Now in addition to all that those seeking a Christian political option will have to confront in terms of legislation and policy formation, there is also the serious state of political party confusion in our polity. When in conversation with neighbours, one will often hear that this confusion is simply inevitable; it will be said “but that is just politics!” The confusion however is not an accident; it is indicative of a set of problems that may seem to defy resolution not least because of the entrenched and dogmatic mentality that appeals to the “but that is just what politics is!” mantra.
Whether those advocating a Christian political option realise it or not, they are also claiming, via their search for alternative political path, to be setting forth a remedy to this anarchic and unprincipled manner of populist politics that continues to eat away at the integrity of our system of public governance. It may take decades for it to be adequately resolved. And so, in recognising that, we also face the likelihood that some will turn away from such discussion because they will conclude that such political discussion is only talk and can have no immediate pay-off.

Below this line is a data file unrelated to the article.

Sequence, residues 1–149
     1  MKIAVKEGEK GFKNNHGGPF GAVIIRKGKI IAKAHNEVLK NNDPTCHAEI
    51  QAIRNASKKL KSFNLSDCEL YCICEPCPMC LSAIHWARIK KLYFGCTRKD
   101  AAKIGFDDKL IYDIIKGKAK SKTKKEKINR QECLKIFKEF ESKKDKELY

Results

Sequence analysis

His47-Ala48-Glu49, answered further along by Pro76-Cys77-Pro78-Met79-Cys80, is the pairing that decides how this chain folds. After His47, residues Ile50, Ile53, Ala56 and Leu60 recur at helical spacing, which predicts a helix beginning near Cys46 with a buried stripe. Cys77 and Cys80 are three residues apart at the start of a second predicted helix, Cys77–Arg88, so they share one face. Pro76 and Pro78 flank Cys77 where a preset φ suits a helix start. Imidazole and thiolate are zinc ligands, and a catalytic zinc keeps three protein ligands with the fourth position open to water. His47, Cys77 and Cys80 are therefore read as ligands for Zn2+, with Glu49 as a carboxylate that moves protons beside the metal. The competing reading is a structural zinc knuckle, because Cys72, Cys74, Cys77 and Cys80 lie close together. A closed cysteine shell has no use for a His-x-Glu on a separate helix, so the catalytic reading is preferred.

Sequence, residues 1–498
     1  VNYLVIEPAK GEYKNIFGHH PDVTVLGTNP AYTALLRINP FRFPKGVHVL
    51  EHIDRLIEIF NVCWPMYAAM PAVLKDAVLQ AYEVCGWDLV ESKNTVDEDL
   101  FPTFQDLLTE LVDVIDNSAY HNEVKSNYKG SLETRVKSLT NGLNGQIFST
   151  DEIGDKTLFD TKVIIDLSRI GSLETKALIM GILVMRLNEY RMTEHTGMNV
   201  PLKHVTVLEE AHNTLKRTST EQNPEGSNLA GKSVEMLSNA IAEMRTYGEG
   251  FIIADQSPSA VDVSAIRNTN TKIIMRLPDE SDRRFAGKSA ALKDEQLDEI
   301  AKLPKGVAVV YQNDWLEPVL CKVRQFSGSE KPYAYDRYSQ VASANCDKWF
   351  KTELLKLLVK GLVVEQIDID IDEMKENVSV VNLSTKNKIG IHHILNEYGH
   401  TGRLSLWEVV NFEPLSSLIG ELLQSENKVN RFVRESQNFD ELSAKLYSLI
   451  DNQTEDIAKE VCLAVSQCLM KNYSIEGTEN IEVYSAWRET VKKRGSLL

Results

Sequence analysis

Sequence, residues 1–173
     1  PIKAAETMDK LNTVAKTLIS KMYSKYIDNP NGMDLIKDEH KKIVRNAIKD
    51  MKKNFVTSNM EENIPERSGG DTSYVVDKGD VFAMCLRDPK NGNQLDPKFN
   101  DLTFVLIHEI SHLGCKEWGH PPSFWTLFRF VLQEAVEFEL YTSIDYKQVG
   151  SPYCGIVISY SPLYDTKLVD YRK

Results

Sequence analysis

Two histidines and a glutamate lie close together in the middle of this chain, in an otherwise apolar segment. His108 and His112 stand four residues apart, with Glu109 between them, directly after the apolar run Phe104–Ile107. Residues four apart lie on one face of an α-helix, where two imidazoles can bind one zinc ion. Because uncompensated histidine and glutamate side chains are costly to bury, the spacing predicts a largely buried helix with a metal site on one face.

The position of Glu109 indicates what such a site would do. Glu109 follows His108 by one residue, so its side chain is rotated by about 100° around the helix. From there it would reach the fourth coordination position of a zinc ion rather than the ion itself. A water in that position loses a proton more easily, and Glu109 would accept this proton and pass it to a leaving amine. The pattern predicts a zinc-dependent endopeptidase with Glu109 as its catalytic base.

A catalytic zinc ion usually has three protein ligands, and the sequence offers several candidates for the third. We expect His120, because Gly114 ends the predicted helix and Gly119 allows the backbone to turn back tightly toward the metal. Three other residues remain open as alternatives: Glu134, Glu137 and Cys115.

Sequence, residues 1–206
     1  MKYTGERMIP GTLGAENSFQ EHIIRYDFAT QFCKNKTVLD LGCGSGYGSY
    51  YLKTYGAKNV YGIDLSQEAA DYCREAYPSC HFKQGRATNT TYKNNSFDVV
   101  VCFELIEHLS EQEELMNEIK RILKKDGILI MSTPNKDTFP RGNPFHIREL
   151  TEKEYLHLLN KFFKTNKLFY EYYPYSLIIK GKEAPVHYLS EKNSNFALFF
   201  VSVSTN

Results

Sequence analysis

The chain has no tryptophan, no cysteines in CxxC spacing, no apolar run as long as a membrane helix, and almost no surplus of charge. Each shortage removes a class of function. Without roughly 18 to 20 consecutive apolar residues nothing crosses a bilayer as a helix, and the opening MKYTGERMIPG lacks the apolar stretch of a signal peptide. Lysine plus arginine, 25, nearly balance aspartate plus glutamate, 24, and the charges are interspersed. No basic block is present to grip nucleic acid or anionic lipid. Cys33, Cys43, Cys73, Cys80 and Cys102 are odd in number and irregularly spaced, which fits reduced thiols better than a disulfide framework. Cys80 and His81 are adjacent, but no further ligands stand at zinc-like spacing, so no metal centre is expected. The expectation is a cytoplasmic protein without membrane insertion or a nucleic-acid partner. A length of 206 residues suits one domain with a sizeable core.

So, even at this point there is much re-thinking that is required of us. We will continue to do so in our next piece. We do not apologise for the length of this exploration. The issues are complex. We are not going to make progress toward developing a Christian political option by avoiding these necessary preliminaries.